This week's UK news: 4 January 2013
4 January 2013

Skyfall breaks UK records

The James Bond film Skyfall has become the first film to earn more than GBP 100m at UK cinemas. This is perhaps even more surprising as the Bond series has now been running for 50 years.
The film, which stars British actor Daniel Craig as the spy, has earned more than $1bn worldwide (GBP 620m). The two previous Bond films starring Craig both earned around GBP 365m worldwide, but before that the most profitable was Goldeneye, with GBP 219.5m.
However, the Bond films are not the most popular films in British cinemas. The record is still held by Gone With The Wind, released in 1935, which sold 35m tickets. The Sound of Music sold 30m in 1965 and Walt Disney's Snow White And The Seven Dwarfs is in third place, selling 28m tickets since its release in 1938.

Family's unusual Christmas

People in the UK like to spend time with their families at Christmas, but the relationships can sometimes be difficult. One family decided to spend a few days in a holiday cottage -- which turned into a week when they were trapped by floods. Very heavy rain had made the River Severn burst its banks.
The family drove through six inches of water to reach the cottage and were then stuck inside for a couple of days because it rained so much. They did not realise that they had a problem until two of the group decided to walk to the local pub. When they came back, the water was up to their chests.
A neighbour with a boat helped them get to the pub for food and the family was eventually rescued, after a week.

Memorial to pioneering doctor -- and his brave patients

The second world war caused many awful injuries to those fighting in it, particularly those whose planes had caught fire or crashed. A doctor working in a little town in Sussex decided to specialise in helping these men, inventing plastic surgery techniques to rebuild hands and faces.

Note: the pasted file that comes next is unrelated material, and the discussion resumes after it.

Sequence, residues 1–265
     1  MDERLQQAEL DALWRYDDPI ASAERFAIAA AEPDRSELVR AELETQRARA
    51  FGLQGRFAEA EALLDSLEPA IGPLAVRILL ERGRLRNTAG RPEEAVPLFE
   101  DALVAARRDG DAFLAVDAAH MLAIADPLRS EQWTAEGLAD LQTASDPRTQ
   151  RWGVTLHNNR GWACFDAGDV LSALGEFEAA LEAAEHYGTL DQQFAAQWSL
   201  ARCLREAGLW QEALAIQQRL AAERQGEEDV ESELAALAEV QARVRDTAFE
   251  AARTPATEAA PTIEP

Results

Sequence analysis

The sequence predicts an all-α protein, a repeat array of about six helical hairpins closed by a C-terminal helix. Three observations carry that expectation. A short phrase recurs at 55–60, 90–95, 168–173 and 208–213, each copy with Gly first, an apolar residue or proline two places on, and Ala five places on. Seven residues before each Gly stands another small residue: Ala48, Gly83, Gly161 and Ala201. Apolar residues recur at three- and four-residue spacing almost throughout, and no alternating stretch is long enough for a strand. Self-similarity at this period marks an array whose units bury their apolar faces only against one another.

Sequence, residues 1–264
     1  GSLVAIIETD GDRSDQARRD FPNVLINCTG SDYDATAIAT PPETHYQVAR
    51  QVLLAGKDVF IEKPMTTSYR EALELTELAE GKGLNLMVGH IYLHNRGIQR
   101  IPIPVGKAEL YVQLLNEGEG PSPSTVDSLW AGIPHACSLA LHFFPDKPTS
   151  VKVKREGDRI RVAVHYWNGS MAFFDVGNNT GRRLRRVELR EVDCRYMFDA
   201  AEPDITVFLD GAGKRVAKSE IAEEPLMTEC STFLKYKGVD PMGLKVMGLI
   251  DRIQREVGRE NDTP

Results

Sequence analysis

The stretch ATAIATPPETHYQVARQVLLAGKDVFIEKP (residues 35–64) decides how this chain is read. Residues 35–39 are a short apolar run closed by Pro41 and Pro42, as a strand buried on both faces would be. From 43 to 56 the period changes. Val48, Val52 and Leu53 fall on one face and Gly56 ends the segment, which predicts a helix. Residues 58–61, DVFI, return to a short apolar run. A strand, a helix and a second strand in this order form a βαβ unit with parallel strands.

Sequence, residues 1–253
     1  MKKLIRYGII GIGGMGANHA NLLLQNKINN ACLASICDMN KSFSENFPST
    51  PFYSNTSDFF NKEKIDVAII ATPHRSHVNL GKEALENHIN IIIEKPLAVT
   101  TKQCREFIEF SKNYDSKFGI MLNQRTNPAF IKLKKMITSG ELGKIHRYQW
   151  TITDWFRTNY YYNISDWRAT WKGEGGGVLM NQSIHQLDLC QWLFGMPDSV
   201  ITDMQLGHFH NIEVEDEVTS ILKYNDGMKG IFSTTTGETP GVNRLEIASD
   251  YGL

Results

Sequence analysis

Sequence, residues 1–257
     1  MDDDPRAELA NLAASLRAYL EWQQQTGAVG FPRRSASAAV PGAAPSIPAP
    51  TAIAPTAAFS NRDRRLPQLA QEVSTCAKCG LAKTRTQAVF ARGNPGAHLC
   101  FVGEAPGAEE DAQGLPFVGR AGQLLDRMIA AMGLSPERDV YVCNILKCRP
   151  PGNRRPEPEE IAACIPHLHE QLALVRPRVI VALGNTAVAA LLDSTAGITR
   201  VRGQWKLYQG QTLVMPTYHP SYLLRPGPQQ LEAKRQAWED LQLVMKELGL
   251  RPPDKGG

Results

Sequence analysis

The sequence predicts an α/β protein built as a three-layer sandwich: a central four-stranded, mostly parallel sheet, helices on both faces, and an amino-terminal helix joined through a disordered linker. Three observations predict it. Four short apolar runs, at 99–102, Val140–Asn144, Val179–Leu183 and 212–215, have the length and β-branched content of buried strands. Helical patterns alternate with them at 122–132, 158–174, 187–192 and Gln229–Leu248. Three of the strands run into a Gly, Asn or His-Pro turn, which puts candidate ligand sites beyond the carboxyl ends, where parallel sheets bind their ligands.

Sir Archibald McIndoe drove  round the country getting bandaged men from other hospitals and bringing them to East Grinstead, where he would operate on them so that they could live more normal lives. The men formed a club, called the Guinea Pigs Club (in English, we say someone is a guinea pig if we experiment on them). They made sure they had fun, drank lots and made lots of jokes about their condition.  For instance, they chose a man with no legs to look after the money - because he couldn't walk off with it. The men went out in their bandages and many married nurses and local women.
There is still a specialist burns unit in East Grinstead, which the men called "the town that did not stare" and now a sculptor, Martin Jennings, has been asked to create a memorial to McIndoe and the Guinea Pigs. Jennings' own father was helped by McIndoe so it is a very special work for him.

The return of the real book

Last-minute Christmas present buyers created the best week for sales of real books for three years. E-books, on gadgets like Amazon's Kindle, are now very popular in the UK.  But paper books worth GBP 75m were sold in the last week before Christmas, the best sales since 2009.
The best-seller was a cookbook by celebrity chef Jamie Oliver, which has recipes for meals which can be prepared in just 15 minutes. That has sold more than 140,000 copies. The other best-sellers were also written by well-known people, including Tour de France winner Bradley Wiggins and comedian Miranda Hart.

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